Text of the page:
After I listening to these discussions, some-thing deep down somewhere kept telling me that there’s something wrong, somewhere. As if one side of the story is being ignored. One thing that seems to resonate through all these comments and remarks is – "It's difficult to trust your Employees. Doing that will always mean big trouble". In an attempt to discover the other side I decided to cling on to Google and go on a search for other opinions.
My Ideas on this topic are very different from the ones that had been brought to the plate so far, and Google seemed like an excellent tool to figure out if there are others who had similar thoughts and to figure out if my thoughts are working out for them too.
The first result is an interesting instance of stealth and sleuthing – what’s most interesting about this article is that it sticks to the side of story that’s been presented by all other quotes in this post so far, but ends with lines that come very close to the other-side of the story, therefore striking a really nice balance. The article includes an interesting and (in my opinion) a very true remark:
"It is impossible to provide for a completely foolproof system... To devise a foolproof system, you would need a set of people working on it...This set could have a thief in its midst too. In the ultimate analysis, everything works on trust. After all, software employees are capable of anything."
Why I particularly like this remark is because it addresses the problem from a real perspective and considers the fact, that when dealing with developers companies are dealing with smart individuals who are capable of writing highly secured and scalable systems. It goes without saying that any developer worth his salt, who is capable of writing these systems, is also capable to stealing code or in fact, anything, if he really wanted to do it, specially if he's a little lucky. There is no such thing as a fully secured process or system! And that’s one thing we tend to forget when talking about Systems that we claim will replace (or enforce) human trust and dignity through security.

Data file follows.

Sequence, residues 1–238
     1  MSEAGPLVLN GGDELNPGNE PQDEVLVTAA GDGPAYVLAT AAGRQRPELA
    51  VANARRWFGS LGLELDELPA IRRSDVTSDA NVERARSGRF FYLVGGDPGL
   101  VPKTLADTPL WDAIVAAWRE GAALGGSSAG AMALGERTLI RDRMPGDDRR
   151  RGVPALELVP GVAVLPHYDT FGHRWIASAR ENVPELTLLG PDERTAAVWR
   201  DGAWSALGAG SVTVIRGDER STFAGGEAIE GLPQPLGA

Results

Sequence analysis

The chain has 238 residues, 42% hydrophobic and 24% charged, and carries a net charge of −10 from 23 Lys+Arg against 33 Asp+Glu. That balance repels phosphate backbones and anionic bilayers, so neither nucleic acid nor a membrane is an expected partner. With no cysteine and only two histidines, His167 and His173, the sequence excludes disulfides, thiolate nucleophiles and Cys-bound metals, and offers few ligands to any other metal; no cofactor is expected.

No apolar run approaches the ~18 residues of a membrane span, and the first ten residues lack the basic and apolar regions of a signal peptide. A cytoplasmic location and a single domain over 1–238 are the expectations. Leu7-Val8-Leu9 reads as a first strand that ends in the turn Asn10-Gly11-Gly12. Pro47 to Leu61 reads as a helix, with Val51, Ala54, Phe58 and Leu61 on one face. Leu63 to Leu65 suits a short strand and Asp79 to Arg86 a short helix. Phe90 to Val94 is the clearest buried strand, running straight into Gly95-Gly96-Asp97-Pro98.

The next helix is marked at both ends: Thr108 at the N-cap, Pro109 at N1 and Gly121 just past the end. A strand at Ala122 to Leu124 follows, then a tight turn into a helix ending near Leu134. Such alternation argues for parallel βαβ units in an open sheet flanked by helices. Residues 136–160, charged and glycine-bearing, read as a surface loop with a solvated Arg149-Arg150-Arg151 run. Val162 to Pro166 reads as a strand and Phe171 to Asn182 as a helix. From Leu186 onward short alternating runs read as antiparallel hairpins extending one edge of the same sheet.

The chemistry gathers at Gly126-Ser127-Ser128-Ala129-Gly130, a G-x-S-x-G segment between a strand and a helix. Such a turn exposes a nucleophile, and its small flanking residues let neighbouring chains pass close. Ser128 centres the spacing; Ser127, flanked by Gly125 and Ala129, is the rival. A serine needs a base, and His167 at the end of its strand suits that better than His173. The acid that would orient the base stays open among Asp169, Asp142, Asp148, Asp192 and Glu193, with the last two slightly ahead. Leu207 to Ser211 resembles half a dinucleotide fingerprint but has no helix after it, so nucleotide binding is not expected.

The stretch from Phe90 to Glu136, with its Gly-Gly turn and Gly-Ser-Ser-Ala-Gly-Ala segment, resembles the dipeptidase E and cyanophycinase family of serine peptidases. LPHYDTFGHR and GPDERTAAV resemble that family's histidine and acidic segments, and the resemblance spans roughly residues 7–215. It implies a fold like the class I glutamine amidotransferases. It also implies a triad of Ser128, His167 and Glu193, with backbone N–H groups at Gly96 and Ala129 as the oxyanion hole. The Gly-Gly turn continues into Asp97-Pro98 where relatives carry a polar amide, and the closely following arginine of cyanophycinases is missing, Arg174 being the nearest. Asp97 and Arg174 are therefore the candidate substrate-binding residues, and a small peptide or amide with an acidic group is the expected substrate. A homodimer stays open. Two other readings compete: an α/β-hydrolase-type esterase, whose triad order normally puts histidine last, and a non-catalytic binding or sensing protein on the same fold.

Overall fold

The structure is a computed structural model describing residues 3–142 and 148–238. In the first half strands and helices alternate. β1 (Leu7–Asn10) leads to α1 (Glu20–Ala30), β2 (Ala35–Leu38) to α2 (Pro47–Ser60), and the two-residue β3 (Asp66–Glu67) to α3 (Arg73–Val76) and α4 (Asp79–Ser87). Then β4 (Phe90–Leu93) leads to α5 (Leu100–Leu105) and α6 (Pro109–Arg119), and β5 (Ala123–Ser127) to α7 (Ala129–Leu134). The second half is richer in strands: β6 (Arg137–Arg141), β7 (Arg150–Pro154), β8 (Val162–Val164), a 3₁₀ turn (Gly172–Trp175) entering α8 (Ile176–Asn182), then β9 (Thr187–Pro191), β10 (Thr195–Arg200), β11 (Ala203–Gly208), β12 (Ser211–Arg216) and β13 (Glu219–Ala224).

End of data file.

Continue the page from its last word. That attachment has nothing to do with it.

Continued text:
There are tons of articles out there which tell you that you cannot trust your employees, not even your administrators – but ones which tell you that it’s OK to place a little bit of trust in sensible programmers who you hired in the first place, are few and difficult to find!
After spending some time on Google searches I finally landed on some sound-advice that came close the kind of answer I was really looking for. A very wise comment on this forum states:
"It seems you've learned firsthand that you can't *really* protect your IP. That said, you could talk to a lawyer and get some more specific advice. Certainly requiring your hires to sign a non-disclosure agreement is nothing onerous. But I think the best thing to do is hire people with integrity and all. Be so successful that nobody in their right mind would think about splitting, and that none of your customers would think about switching"
These are not my words, but if I was to say something on this topic this is exactly what I would say and then I would add a few more numbered points (read on).
- You cannot prevent your employees stealing your code unless you’re planning on frisking people: In each of the remarks people made in their discussions with me, and as they were describing their security-measures to protect their Intellectual Property, I could instantly think of more than one ways by which a developer could easily steal code if he really wanted to. The comment in this forum, that you cannot prevent employees from stealing code unless you’re planning on frisking people, seems quite true and at-least I agree to it.
- What is your Intellectual Property, by the way? As a developer I spend countless hours, throwing away code that I’ve written in the past and writing better code. Those of us, who believe in TDD, refactor ruthlessly and make that a way of life. A lot of the projects I’ve been involved with are re-writes of existing systems. So, as developers, if throw away so much code, is code what you really want to protect? Is it even wise to consider just your code your real (and only) form of intellectual property?
I for once want to, believe that an Organization's Real Intellectual Property is the knowledge that was gathered in writing that code and the individuals who retain that knowledge. That’s what I would be really interested in protecting.